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Interview: Lahore's Last 'Lollywood' Poster Artist Looks Back on a 50-Year-Career

Lollywood poster artist Sarfraz Iqbal in his Lahore studio in September 2014. (Saad Sarfraz Sheikh)

Lollywood poster artist Sarfraz Iqbal in his Lahore studio in September 2014. (Saad Sarfraz Sheikh)

LAHORE — It takes us (my photographer and I) a good 20 minutes or so to find his office. The tiny lanes are claustrophobic and busy as we drive past tea-sellers, donkey carts, badly parked cars and motorbikes, printing shops and offices that seem to spill over in a mesh of weekday chaos. We are in Royal Park, in Lahore.

Seated at his desk and dressed in a black button-down and cream-colored pants, Sarfraz Iqbal (or ‘S Iqbal,’ as he’s more commonly known) greets us with a warm grin, apologizing profusely for not being able to send his attendant downstairs to guide us to his office. The attendant is away, he mentions, and then apologizes again.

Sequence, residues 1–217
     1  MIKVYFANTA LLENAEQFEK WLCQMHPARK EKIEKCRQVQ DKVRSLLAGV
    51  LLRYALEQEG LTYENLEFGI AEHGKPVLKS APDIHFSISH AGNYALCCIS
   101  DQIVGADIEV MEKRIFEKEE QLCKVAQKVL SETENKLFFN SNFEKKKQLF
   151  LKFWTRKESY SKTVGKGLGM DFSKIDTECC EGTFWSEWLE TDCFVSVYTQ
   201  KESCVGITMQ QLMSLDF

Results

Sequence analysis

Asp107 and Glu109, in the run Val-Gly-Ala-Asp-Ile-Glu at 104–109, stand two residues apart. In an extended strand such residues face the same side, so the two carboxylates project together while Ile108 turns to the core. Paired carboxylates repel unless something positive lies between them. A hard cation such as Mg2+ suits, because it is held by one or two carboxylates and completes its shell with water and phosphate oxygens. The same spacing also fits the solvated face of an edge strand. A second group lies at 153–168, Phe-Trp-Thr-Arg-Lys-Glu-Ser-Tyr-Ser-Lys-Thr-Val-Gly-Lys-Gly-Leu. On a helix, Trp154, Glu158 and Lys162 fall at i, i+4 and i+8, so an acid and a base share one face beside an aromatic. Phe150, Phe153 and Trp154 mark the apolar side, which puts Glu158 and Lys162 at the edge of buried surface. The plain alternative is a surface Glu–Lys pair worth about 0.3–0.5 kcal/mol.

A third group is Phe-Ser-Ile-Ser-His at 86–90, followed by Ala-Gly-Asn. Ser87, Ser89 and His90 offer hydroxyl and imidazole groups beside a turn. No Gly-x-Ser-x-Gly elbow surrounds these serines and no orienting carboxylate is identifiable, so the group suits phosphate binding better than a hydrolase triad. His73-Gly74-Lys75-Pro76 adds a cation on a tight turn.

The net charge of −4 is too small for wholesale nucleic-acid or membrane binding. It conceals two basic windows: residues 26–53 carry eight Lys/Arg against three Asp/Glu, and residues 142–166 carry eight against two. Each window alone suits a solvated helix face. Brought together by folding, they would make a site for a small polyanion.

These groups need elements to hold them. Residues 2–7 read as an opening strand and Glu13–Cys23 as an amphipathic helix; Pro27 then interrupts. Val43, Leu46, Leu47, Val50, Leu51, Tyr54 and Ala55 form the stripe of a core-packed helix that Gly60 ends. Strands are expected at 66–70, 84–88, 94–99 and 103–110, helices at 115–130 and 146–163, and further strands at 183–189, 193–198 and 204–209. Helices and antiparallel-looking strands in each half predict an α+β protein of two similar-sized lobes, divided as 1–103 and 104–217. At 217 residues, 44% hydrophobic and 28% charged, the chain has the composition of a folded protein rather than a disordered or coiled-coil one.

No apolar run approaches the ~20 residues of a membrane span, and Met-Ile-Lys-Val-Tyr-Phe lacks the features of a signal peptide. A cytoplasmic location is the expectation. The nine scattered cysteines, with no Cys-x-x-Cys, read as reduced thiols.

Iqbal’s work spans decades — from 1962 until today, Lahore’s last Lollywood poster artist (who draws by hand) is still at it. “My interest in my art has never diminished. The day I stop working, that’s the end of me,” he says, half-joking, half-serious.

The love of art came from Iqbal’s father, S. Khan, a very well-known and well-respected poster artist in Bombay, India, at the time. “My talent is inherited from my father and it’s because of him that people recognize me,” says Iqbal with pride. “He’s the pioneer of this field in Lahore. When he immigrated to Pakistan in 1947, he introduced cinema decoration and poster design in the city. Even though he had competitors at the time, he never stopped teaching people the craft of poster design.”